Uday Kurien graduated with a PhD from McGill University in Atmospheric and Oceanic Sciences in 2018. In his thesis research, he studied the uptake and reactions of mercury in the atmosphere. Following his PhD he worked as a postdoctoral researcher in the same department. He worked in the field of cloud physics, researching the effects of turbulence on precipitation processes.
Q: What made you interested in doing a PhD?
One part of it is an abiding interest in science. The other part, if I’m being honest, was a childhood curiosity of what it must feel like to be a scientist.
Q: What was the biggest challenge for you in finishing your PhD?
I think the biggest challenge in finishing my PhD was the uncertainty associated with research work. Progress is typically not uniform. There are times when experiments repeatedly fail and progress stalls. It can be frustrating and difficult to get out of the rut.
Q: What communities were you a part of during your PhD studies?
My primary community was the research group that I was a part of. We were a tightly knit group of friends and we got along very well, both inside and outside the lab.
Q: What kind of career advising did you receive?
I did not seek career advice, but my supervisor was very supportive and open to discussions on careers in and outside of academia.
Q: What are your current career goals?
My immediate goal is to transition into the field of patent law and become a registered patent agent.
Q: What kind of financial support did you receive during your PhD?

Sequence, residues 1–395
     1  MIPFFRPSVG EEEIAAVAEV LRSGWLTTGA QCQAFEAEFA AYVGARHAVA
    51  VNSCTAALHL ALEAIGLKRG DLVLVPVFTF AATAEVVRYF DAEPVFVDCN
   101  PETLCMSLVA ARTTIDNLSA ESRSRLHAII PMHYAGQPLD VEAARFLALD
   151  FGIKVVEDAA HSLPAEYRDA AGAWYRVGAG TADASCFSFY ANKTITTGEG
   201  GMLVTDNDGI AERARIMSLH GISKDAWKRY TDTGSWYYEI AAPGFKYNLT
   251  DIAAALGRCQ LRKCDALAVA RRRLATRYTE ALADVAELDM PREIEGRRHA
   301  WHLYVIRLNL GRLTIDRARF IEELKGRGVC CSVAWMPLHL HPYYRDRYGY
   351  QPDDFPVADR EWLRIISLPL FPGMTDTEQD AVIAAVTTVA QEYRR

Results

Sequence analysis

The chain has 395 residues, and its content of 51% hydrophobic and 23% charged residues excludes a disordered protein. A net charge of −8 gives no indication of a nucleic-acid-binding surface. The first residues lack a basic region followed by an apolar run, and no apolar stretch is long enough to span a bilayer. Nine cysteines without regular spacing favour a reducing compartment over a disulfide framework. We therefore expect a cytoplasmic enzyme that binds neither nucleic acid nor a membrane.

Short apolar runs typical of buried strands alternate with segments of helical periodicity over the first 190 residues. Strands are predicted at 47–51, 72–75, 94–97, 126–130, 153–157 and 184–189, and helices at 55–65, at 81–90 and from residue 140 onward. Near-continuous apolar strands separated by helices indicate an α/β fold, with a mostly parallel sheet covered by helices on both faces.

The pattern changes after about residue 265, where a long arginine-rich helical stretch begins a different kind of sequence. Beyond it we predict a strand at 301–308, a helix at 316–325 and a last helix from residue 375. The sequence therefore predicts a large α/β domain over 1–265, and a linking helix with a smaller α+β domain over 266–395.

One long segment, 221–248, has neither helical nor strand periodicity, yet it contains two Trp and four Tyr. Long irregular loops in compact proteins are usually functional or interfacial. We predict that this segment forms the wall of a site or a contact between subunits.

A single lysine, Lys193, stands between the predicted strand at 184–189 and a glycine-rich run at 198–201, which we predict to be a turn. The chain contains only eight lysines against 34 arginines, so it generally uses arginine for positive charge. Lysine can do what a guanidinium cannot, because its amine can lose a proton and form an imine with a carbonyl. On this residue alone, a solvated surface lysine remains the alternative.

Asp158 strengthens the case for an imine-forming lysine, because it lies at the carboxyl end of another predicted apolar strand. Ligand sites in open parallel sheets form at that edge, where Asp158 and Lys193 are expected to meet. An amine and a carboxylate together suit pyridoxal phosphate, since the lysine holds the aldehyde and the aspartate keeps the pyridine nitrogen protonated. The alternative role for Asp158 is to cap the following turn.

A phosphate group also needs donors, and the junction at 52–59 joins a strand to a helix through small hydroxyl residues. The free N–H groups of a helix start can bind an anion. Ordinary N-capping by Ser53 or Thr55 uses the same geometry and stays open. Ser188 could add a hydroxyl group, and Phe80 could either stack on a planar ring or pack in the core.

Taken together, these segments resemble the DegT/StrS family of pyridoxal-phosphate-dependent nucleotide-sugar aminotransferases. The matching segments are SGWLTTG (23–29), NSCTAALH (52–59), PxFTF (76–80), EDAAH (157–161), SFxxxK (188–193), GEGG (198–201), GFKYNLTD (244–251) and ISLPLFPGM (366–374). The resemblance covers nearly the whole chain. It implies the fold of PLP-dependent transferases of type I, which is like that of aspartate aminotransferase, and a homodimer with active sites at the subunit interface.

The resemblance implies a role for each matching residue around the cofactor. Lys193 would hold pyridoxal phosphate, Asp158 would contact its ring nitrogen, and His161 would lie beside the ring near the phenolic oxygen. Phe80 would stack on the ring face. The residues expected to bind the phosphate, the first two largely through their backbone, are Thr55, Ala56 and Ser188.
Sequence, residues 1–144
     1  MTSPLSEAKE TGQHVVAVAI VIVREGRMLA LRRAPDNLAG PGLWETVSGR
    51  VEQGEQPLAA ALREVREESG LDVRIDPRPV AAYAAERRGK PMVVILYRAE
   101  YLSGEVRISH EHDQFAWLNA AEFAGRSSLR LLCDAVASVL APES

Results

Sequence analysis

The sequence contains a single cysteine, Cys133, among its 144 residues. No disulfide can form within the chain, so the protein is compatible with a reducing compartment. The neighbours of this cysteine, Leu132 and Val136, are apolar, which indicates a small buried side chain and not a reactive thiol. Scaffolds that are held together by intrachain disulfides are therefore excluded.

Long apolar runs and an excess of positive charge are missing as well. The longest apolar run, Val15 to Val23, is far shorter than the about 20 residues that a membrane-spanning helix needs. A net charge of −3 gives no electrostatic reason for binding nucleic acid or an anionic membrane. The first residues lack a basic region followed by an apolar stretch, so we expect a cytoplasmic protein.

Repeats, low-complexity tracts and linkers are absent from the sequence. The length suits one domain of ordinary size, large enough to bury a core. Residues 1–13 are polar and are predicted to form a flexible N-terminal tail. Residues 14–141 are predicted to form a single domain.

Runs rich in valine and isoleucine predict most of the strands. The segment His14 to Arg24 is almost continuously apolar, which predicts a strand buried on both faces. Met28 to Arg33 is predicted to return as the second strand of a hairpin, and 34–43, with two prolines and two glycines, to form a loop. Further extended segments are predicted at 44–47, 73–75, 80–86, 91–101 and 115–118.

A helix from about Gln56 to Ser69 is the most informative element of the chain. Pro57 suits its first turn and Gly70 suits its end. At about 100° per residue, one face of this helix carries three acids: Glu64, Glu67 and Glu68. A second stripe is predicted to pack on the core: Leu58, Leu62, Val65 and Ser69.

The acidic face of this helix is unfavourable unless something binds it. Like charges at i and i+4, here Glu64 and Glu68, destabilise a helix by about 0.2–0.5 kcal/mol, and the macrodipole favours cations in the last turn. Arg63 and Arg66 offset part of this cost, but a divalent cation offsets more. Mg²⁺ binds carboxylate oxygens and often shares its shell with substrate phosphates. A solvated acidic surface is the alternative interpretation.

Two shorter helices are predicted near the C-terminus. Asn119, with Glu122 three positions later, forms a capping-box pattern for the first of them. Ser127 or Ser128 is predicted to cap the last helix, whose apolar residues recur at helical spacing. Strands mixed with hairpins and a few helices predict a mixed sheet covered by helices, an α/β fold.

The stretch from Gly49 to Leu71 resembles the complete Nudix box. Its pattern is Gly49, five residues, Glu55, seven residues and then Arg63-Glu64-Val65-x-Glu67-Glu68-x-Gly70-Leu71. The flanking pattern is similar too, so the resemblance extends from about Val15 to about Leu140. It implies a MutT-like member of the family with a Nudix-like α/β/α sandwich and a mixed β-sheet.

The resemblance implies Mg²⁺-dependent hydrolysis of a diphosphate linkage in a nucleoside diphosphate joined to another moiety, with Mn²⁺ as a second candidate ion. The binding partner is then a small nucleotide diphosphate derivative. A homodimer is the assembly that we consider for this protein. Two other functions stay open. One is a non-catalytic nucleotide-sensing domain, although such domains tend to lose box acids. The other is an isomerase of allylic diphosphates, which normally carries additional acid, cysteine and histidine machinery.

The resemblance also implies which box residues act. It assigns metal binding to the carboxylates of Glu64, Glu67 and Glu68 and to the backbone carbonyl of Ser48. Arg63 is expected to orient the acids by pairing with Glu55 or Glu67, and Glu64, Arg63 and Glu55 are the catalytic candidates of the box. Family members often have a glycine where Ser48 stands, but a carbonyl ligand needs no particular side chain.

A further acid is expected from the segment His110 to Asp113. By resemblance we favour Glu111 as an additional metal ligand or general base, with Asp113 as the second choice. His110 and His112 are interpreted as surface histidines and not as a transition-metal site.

I received funding from my department, which I am grateful for. The terms of my funding did not stipulate any teaching responsibilities, even though teaching assistantships were optionally available. This allowed me to focus exclusively on my research. With the aid and encouragement of my supervisor I was also able to secure partial financial support from the NSERC Mines of Knowledge program, for the latter half of my PhD.
Q: You are currently a postdoc in the Department of Oceanic and Atmospheric Sciences. How did you end up in your current position?
Right after my defense, a member of my examination committee informed me of an open position in his group, and asked me if I wanted to join. I enthusiastically did.
Q: What is a typical day like for you as a postdoc?
It’s great! I wake up in the morning, have breakfast, head out to my office, do my work, head out for coffee with a friend before heading back home in the evening. After returning, I spend some time with my flatmate, watch something on netflix, play guitar, have dinner, get a good night’s rest and repeat!
Q: Is there something you wish you knew before starting the PhD?
I wish I knew how much older I’d feel by the time I was done!
Q: What advice would you give to someone currently doing their PhD?
Don’t be disheartened if it’s difficult to see the light at the end of the tunnel. Know that you aren’t alone in this. Many of us have experienced the same, and still come out the other side just fine. You will too.
Many thanks to Uday for sharing his PhD narrative!
This interview took place in February 2020. Interviews are edited by the TRaCE McGill Editorial team for length and clarity before publication.